Mechatronics Takes Center Stage at Festo

Touting the growing importanceof “mechatronics,” Festo AG & Co. KG (www.festo.com), the Esslington, Germany-based automation components and systems supplier, described a variety of new and emerging products, technologies and trends at its 5th International Press Conference Dec. 6-7 in Vienna, Austria. Nearly 90 journalists and trade press editors attended the event.

The event included a “Market Square” area in which various Festo technologies were on display.
The event included a “Market Square” area in which various Festo technologies were on display.

Wikipedia, the online encyclopedia, defines mechatronics as the synergistic combination of mechanical engineering, electronic engineering and software engineering. And during formal presentations in Vienna, Festo managers, engineers and partners provided multiple examples.

Among the most notable, perhaps, was a microwave sensor developed by Festo that can be integrated into the end face of a pneumatic linear drive, where it can continuously measure piston position and speed across the entire cylinder stroke range. For more on this technology, see Tech Trends, page 51.

One recent Festo partnership also highlights a growing industry focus on mechatronics. Dieter Pesch, head of key account management at German-based Eplan Software & Service GmbH & Co. KG (www.eplan.de), provided details of an exclusive partnership between Eplan and Festo that he said can help optimize the machine design process.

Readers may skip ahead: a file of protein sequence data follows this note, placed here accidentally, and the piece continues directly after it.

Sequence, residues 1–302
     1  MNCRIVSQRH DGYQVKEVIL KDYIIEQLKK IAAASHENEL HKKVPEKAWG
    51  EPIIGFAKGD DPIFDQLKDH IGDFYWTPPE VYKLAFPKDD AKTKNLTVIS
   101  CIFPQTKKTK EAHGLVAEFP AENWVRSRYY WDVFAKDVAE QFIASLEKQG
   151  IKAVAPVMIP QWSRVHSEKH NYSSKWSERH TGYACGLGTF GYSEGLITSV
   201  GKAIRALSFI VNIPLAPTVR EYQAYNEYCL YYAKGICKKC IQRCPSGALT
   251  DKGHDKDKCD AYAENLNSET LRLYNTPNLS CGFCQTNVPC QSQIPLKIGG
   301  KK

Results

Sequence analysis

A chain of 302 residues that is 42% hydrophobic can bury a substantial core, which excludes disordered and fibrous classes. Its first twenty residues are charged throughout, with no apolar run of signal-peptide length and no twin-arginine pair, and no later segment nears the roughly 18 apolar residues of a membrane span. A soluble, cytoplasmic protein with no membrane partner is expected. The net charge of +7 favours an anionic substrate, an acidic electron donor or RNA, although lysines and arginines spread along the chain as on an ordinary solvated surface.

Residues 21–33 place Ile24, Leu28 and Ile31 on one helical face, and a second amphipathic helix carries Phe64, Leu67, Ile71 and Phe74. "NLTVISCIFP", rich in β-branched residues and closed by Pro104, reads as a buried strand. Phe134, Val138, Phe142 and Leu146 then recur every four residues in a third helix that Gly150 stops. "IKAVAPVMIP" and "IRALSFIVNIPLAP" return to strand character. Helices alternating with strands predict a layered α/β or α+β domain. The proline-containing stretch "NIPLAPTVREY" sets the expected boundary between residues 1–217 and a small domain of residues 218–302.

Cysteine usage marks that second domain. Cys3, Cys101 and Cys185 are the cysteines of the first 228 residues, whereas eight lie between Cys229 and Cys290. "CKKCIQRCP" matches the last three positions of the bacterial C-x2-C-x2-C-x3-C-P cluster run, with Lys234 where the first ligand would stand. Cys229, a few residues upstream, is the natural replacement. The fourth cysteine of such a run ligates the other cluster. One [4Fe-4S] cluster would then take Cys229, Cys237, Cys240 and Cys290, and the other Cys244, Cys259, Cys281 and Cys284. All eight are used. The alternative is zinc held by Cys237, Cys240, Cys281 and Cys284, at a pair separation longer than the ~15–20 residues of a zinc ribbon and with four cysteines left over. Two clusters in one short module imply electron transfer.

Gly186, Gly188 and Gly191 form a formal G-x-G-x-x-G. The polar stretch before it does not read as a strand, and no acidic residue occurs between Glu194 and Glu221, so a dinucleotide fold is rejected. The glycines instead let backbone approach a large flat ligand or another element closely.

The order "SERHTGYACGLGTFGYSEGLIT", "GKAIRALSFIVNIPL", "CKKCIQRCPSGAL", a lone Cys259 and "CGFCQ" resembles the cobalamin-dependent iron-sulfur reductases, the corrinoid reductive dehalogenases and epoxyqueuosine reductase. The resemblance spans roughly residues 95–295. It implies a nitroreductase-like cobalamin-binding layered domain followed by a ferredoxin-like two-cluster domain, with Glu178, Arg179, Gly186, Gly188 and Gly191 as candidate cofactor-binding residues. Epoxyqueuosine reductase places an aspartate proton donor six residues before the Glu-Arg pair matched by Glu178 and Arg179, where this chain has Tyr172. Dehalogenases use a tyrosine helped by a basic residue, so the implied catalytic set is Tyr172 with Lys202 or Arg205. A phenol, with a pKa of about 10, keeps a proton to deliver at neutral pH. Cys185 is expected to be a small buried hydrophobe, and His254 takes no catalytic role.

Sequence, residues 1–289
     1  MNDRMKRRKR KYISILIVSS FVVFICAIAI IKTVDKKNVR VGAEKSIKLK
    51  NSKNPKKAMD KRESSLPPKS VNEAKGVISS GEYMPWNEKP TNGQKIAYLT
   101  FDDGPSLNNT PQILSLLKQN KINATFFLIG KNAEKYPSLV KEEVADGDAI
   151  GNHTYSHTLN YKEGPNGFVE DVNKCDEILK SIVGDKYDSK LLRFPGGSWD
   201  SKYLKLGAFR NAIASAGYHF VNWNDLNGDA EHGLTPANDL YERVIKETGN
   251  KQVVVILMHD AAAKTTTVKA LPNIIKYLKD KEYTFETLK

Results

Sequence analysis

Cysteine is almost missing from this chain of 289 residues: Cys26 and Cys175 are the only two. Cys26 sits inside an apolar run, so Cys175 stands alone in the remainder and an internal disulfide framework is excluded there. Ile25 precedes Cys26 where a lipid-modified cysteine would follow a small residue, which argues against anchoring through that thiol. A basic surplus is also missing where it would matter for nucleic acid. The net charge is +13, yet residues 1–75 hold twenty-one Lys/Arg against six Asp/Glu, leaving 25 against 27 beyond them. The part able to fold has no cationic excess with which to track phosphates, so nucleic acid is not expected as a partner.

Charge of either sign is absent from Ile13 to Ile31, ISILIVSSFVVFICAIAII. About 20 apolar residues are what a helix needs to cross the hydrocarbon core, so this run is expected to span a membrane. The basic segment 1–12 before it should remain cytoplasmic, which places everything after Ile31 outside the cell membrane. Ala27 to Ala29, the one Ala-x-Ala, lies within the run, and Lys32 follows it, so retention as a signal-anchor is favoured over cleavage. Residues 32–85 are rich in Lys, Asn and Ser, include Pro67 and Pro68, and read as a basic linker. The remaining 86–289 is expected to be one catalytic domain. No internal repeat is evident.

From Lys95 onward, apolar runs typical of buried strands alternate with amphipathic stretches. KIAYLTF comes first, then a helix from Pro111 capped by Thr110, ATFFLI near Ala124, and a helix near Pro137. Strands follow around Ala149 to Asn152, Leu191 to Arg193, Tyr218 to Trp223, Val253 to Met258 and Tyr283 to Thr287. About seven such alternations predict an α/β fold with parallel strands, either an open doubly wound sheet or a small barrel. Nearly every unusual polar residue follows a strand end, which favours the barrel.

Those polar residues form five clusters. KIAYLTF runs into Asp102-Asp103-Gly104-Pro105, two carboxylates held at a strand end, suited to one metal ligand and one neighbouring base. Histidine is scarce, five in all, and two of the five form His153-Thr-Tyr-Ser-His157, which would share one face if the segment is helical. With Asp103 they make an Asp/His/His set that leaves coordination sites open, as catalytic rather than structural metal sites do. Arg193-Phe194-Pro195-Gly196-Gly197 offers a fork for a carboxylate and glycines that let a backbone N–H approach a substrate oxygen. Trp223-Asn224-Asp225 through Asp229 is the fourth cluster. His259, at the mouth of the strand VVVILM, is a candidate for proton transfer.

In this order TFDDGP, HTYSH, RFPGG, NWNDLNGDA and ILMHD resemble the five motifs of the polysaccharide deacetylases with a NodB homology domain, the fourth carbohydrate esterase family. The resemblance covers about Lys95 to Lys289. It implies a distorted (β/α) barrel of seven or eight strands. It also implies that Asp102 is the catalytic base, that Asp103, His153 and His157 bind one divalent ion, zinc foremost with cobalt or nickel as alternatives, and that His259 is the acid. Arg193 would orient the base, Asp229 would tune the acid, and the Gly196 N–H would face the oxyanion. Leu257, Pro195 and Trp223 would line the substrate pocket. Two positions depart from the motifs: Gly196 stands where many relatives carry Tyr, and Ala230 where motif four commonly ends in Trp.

In a mechatronics approach to design engineering, Eplan has developed a cross-discipline software product that allows fluid, electrical and cabinet engineering to be done using an identical tool, while sharing the same database. It’s a capability that Pesch called “revolutionary.” Under terms of the partnership, this software includes a direct link to the Festo digital product catalog; when a Festo component is selected for use in a design, the component data is transferred directly to the Eplan engineering software. This feature, which includes an online ordering capability, translates to enormous time and costs savings for the user, Pesch said.

Other presentations covered innovations that are under development in Festo labs. Machine builders and original equipment manufacturers today must typically choose between pneumatic and electric drive systems, for example. Each technology has advantages and disadvantages, based on application need. But a new approach based on “hybrid” drive systems will soon be reality, said Rüdiger Neuman, who heads Festo’s mechatronics systems research. According to Neuman, the hybrid drive of the future will integrate a pneumatic drive and electric drive into a cylinder to work in parallel on the same handling task.

This hybrid drive will combine the advantages of pneumatics robustness, durability, low cost and easy installation and operation with the accuracy and dynamism of electric drives, Neuman said. Festo has such hybrid drives working in its labs, and the technology is “very close” to becoming a product, Neuman told the assembled journalists.

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